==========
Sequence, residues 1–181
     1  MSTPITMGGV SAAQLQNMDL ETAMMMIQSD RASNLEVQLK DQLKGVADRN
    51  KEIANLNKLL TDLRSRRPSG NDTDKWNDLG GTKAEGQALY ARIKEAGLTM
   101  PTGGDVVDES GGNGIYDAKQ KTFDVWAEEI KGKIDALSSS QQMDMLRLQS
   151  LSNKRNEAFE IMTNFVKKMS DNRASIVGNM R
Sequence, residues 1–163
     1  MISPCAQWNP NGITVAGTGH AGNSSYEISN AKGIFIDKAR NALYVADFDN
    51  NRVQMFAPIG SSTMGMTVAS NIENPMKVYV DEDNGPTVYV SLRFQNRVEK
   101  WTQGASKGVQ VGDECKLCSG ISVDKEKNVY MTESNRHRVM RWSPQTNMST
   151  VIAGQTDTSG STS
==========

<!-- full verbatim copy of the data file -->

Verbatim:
Sequence, residues 1–181
     1  MSTPITMGGV SAAQLQNMDL ETAMMMIQSD RASNLEVQLK DQLKGVADRN
    51  KEIANLNKLL TDLRSRRPSG NDTDKWNDLG GTKAEGQALY ARIKEAGLTM
   101  PTGGDVVDES GGNGIYDAKQ KTFDVWAEEI KGKIDALSSS QQMDMLRLQS
   151  LSNKRNEAFE IMTNFVKKMS DNRASIVGNM R
Sequence, residues 1–163
     1  MISPCAQWNP NGITVAGTGH AGNSSYEISN AKGIFIDKAR NALYVADFDN
    51  NRVQMFAPIG SSTMGMTVAS NIENPMKVYV DEDNGPTVYV SLRFQNRVEK
   101  WTQGASKGVQ VGDECKLCSG ISVDKEKNVY MTESNRHRVM RWSPQTNMST
   151  VIAGQTDTSG STS